Missions-driven Government for 21st Century Public Service


By Prof. Mariana Mazzucato and Cllr Georgia Gould

Professor Mariana Mazzucato, Director of the UCL Institute for Innovation and Public Policy and Cllr Georgia Gould, Leader of Camden Council, have launched the Mission Critical programme, supported by the Future Governance Forum.

Progressive governments across the world are fighting to respond to the grand challenges of our time — climate breakdown, inequality, pandemics, and the cost of living crisis. At the same time, many find themselves inheriting a degraded public sector after a decade or more of austerity. The promise during the COVID-19 pandemic to ‘Build Back Better’ has largely gone unfulfilled.

The scale of these challenges requires states to embrace their role in directing growth and shaping markets that work for people and the planet. In recent years, the theory of mission-oriented government has inspired progressive administrations around the world — from Barbados to the European Union — to challenge economic and public sector orthodoxies about where value is created and to commit to ambitious strategies aimed at building inclusive, sustainable and resilient economies. Missions provide a governing philosophy for complex times, creating new coalitions, overcoming silos and providing the long-term vision we need. Missions are most powerful and effective when they are bold and capable of engaging and inspiring the public, but also set a clear and specific target, provide the right mix of ambition and realism as well as the ability to galvanise cross-sectoral and inter-ministerial collaboration, and inspire multiple, bottom up solutions.

This “mission-oriented” approach turns social and environmental challenges into pathways for new forms of collaboration, and new market opportunities. By working with willing businesses to solve health, climate, food insecurity and other challenges, governments can spark innovation, crowd in private sector investment and generate spillovers. This logic stands in contrast to the orthodox view that economic policy must be restricted to fixing market failures and pursued in isolation from social and environmental policies — and that prioritising the latter comes at the expense of the former. How the government partners with businesses is equally important. Public-private collaboration can be structured with strong conditionalities aimed at maximising public value and at sharing the rewards of innovation as well as the risks.

The London Borough of Camden and the UCL Institute for Innovation and Public Purpose (IIPP) have been at the forefront of implementing a mission-oriented approach to public policy in the UK. With advice from the Renewal Commission, Camden has charted a path from defining ambitious missions to implementing them. This four-year journey has seen Camden take part in a global dialogue with other towns, cities and countries taking this approach. Camden’s missions, which were established in early 2022 following deep community engagement, are to ensure that: by 2030, those holding positions of power in Camden are as diverse as our community — and the next generation is ready to follow; by 2025, every young person has access to economic opportunity that enables them to be safe and secure; by 2030, everyone eats well every day with nutritious, affordable, sustainable food; and by 2030, Camden’s estates and their neighbourhoods are healthy, sustainable and unlock creativity.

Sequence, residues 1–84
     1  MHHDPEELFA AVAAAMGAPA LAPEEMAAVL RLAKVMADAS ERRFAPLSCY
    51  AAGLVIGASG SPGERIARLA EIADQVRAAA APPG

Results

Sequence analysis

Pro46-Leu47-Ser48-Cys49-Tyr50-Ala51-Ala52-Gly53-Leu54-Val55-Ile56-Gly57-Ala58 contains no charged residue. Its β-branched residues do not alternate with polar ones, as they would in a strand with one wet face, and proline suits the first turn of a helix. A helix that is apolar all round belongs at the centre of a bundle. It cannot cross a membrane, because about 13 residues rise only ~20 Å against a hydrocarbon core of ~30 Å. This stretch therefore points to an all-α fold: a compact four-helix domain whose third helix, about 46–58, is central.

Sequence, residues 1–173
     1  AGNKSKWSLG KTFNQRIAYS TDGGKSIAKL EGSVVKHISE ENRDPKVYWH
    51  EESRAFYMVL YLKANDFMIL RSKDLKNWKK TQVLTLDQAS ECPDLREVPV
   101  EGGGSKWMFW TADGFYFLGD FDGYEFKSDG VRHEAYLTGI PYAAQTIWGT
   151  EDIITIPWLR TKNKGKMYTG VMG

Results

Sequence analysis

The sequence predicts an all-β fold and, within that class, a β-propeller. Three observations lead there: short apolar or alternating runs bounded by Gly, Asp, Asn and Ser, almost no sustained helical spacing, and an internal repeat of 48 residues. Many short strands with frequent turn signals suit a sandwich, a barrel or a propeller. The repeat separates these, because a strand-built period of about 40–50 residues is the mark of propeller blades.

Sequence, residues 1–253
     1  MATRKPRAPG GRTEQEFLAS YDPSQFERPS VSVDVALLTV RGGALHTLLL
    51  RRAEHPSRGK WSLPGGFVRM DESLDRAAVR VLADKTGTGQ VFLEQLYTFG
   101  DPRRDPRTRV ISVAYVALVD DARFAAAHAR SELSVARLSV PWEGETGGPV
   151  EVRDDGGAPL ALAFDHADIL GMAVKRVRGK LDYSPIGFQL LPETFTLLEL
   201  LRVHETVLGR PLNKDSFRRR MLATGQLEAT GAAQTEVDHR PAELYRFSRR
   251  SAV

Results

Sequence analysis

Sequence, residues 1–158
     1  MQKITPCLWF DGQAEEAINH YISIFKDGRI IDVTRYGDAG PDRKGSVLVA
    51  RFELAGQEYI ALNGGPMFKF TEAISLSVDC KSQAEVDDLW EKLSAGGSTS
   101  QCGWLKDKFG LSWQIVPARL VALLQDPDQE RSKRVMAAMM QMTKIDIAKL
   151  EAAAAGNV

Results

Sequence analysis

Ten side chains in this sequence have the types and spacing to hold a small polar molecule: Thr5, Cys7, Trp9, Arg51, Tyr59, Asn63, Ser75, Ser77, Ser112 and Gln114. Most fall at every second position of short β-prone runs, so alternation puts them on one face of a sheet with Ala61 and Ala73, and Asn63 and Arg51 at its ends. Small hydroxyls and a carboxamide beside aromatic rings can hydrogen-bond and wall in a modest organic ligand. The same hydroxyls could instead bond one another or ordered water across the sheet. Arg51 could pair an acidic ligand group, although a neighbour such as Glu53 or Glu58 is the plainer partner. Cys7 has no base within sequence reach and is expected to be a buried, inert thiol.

In Camden, this approach has led to new cross-departmental collaboration within the council, galvanised new partnerships with the private, public, and voluntary sectors and inspired social action in communities. Mission partners range from global businesses located in Camden to a local community food co-operative. The power of this approach comes from multiple actors pursuing the same goal. Given time and investment this creates new momentum for change that goes beyond what government could have imagined alone. With UCL IIPP, Camden is establishing a new Camden Community Wealth Fund to provide patient investment to local start-ups and social enterprises, and is redesigning public procurement as a strategic tool for shaping markets and generating value for communities. Camden’s experience underlines that a transformational economic agenda must be accompanied by a transformational public administration agenda.

Missions are an approach to governing — requiring thoughtfulness about how to lead, collaborate, take risks, prioritise and innovate. Implementing this approach requires investment in the transformational capacity of Government as well as the development of dynamic public sector capabilities and new institutions. We see Missions as providing an incentive and a framework for a shift in political and governance systems — towards a whole-of-government approach to solving challenges, symbiotic public-private collaboration in which the state confidently seeks to maximise public value, and directed and well governed innovation that generates solutions that serve the common good.